Art continues to reinvent itself by conquering technological frontiers and pushing creative boundaries. In our lead video this week, Futurism introduces eDAVID, a one-armed robot capable of painting famous masterpieces. Meanwhile, The Guardian considers David Hockney's return to portraiture in his latest London exhibition and The Wall Street Journal tours the newly renovated Ritz Paris and wonders if 21st-century travellers still crave the old-world luxury the storied hotel promises.
If you missed last week's edition, catch up on the art world after Brexit, highlights from Masterpiece London and the best restaurants in Hong Kong here.
A one-armed robot can now replicate fine art masterpeices. The Drawing Apparatus for Vivid Interactive Display, or eDAVID, is designed to analyze artworks then apply paint to a canvas to mirror the originals. See a video of the eDavid at work here. (Futurism)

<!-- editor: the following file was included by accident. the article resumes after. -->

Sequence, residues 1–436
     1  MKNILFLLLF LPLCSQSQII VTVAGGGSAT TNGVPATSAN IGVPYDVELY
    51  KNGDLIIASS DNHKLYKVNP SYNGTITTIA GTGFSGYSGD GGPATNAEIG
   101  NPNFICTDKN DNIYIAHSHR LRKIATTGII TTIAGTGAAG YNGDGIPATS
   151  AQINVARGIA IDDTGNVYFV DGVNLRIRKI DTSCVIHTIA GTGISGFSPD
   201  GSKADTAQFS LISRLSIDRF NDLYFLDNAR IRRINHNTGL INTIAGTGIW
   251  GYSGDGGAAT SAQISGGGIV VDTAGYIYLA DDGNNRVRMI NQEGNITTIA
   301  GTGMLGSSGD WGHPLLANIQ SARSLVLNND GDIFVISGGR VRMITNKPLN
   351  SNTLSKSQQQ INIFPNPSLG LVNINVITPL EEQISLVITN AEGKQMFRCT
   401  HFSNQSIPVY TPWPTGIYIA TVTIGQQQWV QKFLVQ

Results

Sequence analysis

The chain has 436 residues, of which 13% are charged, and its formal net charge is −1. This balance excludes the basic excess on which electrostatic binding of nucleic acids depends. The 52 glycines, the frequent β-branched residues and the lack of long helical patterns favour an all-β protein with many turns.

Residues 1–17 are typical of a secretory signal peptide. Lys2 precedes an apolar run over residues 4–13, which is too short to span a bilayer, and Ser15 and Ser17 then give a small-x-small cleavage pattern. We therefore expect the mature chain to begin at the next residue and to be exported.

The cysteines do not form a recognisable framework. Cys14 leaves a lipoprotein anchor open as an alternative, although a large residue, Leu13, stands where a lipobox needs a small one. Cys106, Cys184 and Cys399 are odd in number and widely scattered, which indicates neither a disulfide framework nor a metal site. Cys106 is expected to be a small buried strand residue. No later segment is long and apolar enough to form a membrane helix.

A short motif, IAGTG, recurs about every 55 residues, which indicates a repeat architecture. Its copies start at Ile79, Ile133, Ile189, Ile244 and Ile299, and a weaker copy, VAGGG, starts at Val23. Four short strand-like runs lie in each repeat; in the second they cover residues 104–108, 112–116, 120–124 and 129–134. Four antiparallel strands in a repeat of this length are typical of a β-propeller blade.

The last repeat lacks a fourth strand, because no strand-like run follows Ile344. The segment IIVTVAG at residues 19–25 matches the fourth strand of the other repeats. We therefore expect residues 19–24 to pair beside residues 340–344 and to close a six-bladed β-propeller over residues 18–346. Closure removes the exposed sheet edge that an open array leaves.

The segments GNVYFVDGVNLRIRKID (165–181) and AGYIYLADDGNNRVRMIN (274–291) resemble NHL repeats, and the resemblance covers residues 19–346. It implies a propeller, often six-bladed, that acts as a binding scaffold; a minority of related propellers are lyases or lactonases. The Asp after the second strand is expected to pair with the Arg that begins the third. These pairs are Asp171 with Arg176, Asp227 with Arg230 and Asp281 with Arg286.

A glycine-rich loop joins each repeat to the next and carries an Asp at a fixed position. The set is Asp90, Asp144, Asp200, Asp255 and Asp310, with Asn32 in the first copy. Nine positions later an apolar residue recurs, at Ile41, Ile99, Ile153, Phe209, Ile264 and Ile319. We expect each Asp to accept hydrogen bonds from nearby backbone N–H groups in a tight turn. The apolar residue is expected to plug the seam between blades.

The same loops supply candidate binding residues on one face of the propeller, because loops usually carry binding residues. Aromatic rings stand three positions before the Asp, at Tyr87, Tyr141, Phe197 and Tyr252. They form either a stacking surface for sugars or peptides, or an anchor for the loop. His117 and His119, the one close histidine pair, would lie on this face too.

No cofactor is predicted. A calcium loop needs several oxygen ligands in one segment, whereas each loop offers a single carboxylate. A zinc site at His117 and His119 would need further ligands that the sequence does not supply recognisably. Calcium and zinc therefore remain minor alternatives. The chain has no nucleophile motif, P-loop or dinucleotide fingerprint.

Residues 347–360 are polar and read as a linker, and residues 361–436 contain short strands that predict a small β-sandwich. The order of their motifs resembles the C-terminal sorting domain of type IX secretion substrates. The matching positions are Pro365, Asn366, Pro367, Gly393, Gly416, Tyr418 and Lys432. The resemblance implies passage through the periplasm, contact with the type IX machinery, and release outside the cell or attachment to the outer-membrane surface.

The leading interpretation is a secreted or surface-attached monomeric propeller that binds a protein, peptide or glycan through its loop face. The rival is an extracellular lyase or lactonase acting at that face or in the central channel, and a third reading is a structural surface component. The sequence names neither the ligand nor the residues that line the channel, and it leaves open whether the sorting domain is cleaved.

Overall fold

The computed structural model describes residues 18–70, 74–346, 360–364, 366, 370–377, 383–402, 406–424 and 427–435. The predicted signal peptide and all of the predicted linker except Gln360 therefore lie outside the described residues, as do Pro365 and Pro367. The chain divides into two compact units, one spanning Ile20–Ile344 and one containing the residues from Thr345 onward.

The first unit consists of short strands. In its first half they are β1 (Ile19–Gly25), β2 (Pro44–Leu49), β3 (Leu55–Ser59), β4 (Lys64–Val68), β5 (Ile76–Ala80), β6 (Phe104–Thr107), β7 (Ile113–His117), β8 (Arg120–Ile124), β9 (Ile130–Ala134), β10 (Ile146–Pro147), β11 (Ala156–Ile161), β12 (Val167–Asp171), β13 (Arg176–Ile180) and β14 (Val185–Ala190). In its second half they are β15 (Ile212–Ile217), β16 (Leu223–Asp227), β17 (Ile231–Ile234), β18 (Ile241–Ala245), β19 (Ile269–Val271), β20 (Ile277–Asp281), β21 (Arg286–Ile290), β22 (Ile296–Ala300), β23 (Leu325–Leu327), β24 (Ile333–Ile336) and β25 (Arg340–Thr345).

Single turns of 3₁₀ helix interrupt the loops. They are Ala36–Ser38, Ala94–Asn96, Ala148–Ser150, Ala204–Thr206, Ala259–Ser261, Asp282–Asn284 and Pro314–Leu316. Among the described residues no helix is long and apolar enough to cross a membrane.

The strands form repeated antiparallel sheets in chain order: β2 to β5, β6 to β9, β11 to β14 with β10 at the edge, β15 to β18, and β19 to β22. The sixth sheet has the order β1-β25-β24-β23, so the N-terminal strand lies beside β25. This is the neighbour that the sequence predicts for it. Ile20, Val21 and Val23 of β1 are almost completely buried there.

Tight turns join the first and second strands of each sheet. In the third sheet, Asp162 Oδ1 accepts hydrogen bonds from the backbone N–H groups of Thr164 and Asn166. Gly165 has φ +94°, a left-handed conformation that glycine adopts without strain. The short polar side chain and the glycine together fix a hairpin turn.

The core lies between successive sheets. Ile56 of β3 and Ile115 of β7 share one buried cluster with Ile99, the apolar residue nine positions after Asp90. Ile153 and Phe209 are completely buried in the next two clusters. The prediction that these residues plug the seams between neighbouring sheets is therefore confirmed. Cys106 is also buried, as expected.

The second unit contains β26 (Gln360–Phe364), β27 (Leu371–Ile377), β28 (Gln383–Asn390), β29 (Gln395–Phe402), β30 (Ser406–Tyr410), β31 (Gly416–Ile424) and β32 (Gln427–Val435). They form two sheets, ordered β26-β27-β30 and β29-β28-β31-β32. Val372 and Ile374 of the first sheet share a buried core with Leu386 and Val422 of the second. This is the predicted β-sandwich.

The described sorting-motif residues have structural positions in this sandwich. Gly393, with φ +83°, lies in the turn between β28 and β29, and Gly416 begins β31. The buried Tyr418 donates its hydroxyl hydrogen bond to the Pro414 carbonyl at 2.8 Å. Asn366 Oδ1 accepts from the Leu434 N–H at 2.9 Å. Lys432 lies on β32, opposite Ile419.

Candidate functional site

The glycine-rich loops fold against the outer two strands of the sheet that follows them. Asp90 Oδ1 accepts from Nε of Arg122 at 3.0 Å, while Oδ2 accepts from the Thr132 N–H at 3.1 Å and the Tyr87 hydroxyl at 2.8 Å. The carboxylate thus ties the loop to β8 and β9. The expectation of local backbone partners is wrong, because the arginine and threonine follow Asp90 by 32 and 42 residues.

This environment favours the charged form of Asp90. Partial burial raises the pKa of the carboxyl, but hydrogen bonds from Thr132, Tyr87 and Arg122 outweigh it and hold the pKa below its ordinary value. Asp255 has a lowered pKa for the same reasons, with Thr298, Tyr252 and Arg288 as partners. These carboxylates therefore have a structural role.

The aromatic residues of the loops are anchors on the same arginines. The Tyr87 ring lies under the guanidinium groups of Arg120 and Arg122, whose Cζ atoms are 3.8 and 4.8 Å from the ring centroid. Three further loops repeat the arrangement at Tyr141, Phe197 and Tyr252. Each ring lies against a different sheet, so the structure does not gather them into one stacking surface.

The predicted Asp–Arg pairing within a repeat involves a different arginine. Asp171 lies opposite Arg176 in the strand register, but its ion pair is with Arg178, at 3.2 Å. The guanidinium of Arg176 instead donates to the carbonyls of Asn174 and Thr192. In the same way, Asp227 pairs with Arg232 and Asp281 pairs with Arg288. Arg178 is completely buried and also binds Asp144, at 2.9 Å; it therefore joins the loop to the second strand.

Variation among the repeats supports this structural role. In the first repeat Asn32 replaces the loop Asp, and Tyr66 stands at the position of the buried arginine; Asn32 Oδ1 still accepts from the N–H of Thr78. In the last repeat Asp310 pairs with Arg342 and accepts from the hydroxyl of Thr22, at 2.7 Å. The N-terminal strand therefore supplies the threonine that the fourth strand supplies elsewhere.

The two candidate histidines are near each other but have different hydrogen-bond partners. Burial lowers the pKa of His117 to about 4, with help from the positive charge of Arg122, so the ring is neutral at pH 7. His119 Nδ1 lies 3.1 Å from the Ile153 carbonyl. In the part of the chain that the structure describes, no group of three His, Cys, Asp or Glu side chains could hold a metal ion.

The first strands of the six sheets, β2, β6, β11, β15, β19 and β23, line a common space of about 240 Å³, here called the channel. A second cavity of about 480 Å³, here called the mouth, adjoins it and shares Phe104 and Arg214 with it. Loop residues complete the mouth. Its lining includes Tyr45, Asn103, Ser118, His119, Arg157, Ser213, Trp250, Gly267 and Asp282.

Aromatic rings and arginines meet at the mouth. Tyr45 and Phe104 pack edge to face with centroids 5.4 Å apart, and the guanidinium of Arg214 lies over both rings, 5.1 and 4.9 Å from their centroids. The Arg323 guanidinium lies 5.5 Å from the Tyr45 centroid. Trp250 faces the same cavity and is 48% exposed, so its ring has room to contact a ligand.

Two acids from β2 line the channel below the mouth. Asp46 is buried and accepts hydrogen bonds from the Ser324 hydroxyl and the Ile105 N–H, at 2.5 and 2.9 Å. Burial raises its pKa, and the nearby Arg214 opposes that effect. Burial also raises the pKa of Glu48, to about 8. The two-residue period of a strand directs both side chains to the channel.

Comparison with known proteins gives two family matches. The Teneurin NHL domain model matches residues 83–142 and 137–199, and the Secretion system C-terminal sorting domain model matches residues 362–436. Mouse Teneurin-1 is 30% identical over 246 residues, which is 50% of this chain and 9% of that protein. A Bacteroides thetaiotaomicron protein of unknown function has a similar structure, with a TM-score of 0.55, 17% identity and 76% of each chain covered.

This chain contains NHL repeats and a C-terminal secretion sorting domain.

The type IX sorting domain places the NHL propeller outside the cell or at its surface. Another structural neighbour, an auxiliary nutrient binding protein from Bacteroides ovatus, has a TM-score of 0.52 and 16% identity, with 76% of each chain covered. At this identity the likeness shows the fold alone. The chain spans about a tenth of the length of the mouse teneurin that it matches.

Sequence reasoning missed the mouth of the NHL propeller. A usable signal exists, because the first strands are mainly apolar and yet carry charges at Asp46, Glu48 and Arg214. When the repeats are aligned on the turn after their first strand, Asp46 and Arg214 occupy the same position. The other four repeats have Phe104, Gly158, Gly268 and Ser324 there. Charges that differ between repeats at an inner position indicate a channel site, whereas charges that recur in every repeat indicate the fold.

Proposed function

With a busy schedule of museum and gallery shows worldwide, attending every incredible exhibition can be difficult. Artnet talked to twelve art world insiders and experts to find out what show they regret missing the most. (Artnet News)
This December, the United Arab Emirates and France will co-host a global summit to protect cultural heritage from destructive acts of terrorism. The ground-breaking coalition will be held at the Louvre Abu Dhabi following the building's completion.
(The Art Newspaper)
From Audi to Ai Weiwei, creative individuals and companies are flocking to Beijing's 798 art district. Originally the centre of the capital's booming contemporary art scene, the area is quickly becoming an international hub for design, innovation and creativity. (Bloomberg)
Following his 2012 presentation of landscape paintings, David Hockney returns to the Royal Academy of Arts with a new body of work. In 82 Portraits and 1 Still-Life, the British-born artist takes a democratic approach to portraiture, featuring each of his varied subjects in a simple yellow chair against a vibrant background. (The Guardian)
Reopening its gilded doors after a $450 million, four-year renovation, the iconic Ritz Paris promises traditional old-world luxury to its guests. But do 21st-century travellers want to live in the past?
(Wall Street Journal)
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